Be wary of these 12 dietary supplements

August 3, 2010 3:04:16 PM PDT
Americans spend more than $26 billion on supplements. Some of the popular ones claim to help boost memory, help you stay healthy or lose weight.

However, these products are not regulated by the FDA, so they do not need to prove they work or that they're safe before they hit the market.

Now Consumer Reports is warning some can be dangerous.

Jareem Gunter took a dietary supplement to improve his athletic performance. But he says it landed him in the hospital with liver failure.

"My eyes were jaundiced. My body too, so my hands started turning yellow," Gunter said.

Gunter filed a lawsuit claiming the supplement contained an "illegal synthetic steroid." That suit has now been settled, but Consumer Reports' Nancy Metcalf says dangerous ingredients have been turning up frequently in three different types of supplements.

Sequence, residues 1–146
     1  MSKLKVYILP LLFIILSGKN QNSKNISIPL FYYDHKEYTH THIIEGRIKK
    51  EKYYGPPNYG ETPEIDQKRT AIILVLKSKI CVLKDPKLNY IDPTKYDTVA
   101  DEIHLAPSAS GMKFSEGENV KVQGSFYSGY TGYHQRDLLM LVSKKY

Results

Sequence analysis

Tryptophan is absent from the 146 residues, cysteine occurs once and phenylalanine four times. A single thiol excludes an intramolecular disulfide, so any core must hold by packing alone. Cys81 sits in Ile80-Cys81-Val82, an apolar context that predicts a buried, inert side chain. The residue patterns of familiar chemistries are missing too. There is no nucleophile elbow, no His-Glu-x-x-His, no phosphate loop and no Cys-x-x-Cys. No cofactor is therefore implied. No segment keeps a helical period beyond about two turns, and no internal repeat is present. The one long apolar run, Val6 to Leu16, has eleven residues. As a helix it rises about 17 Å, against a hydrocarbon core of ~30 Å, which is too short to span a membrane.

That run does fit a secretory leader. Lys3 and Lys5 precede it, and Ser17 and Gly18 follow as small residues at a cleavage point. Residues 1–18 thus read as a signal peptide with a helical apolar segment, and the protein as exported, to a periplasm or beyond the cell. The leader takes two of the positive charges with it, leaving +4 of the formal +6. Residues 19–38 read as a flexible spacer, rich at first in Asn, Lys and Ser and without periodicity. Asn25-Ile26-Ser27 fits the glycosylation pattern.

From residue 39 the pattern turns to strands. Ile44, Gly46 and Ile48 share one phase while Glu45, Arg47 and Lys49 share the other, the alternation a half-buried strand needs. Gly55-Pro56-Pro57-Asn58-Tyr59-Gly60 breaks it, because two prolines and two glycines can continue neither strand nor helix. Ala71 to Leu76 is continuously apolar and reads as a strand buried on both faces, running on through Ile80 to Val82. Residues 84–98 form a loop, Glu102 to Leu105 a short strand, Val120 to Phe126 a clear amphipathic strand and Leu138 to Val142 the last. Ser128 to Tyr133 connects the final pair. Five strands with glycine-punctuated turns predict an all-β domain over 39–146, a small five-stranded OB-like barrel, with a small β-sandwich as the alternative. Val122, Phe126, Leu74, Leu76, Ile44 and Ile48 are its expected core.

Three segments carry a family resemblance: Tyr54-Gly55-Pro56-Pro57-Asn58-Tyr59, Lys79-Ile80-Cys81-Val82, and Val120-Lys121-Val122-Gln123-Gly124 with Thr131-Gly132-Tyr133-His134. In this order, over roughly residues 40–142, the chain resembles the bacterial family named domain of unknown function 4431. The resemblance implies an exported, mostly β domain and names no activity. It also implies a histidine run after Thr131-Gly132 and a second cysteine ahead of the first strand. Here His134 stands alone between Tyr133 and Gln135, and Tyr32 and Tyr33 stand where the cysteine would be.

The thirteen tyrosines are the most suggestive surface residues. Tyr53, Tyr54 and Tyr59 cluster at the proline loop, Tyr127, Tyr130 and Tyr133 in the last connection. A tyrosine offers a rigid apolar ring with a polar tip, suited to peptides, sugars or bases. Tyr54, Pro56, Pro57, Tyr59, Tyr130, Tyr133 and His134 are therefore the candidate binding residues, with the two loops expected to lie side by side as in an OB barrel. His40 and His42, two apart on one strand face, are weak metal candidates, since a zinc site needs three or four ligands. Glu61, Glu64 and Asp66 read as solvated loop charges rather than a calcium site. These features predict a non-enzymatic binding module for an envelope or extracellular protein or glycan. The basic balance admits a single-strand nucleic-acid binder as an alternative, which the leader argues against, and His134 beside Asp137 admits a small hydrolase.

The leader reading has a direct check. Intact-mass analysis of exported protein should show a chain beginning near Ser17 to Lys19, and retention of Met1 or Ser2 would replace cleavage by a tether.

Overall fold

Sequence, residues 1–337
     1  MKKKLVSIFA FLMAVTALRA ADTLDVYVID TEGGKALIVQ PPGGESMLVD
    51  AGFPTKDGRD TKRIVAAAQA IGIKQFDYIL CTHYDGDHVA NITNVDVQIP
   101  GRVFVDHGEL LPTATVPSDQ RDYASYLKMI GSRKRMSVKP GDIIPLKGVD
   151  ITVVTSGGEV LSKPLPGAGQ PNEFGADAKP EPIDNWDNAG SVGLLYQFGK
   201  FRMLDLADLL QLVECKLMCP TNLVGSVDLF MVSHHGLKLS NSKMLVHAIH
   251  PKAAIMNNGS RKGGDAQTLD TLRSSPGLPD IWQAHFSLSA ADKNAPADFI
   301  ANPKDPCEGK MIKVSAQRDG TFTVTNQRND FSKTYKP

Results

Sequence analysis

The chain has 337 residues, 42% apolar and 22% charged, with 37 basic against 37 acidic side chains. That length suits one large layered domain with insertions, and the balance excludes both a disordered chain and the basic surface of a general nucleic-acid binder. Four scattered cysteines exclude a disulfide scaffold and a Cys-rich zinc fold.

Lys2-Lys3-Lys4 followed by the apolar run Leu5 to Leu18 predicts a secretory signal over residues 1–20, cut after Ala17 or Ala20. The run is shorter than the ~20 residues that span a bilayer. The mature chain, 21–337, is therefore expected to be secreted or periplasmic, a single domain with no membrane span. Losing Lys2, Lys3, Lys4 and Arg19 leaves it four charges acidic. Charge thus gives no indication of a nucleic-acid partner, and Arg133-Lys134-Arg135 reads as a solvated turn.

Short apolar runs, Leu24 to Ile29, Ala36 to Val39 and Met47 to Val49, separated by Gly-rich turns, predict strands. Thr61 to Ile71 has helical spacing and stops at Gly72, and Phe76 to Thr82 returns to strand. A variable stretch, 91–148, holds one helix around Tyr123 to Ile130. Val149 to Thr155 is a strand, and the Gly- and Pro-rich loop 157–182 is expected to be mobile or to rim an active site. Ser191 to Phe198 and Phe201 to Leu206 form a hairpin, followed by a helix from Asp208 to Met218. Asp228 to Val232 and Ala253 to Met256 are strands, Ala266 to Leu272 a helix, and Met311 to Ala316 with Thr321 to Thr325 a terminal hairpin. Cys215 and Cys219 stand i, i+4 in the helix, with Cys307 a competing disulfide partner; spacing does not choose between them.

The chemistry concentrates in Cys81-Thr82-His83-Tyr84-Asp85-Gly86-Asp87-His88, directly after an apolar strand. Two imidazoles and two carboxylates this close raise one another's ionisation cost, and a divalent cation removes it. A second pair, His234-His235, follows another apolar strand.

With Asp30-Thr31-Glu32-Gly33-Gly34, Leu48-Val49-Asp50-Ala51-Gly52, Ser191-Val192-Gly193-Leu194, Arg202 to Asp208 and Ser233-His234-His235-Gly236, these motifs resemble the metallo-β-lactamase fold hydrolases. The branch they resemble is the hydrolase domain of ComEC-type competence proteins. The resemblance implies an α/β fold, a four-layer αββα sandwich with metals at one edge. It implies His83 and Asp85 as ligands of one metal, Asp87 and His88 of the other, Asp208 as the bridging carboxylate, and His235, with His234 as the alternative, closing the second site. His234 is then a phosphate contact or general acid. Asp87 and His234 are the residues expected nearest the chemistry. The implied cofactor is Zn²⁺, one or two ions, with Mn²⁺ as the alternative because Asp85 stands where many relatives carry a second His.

"The Food and Drug Administration has found synthetic steroids in supplements for body building and prescription drugs in supplements marketed for weight loss and sexual enhancement," Metcalf said.

Some ingredients known to be in products can be hazardous. Consumer Reports worked with an independent research group to identify 12 ingredients consumers should steer clear of.

The top three include aconite, which is used to help joint pain - bitter orange, found in some weight loss supplements - and yohimbe, used for body building and as an aphrodesiac.

RELATED LINK: The 12 supplements you should steer clear of

"These supplement ingredients have been linked by clinical research or case reports to serious side effects, including heart, liver, or kidney problems," said Metcalf.

Not all supplements are bad, and some have been shown to be very beneficial. However it is important to talk to your doctor about which supplements you are taking, and ask if there could be any interaction with medication.


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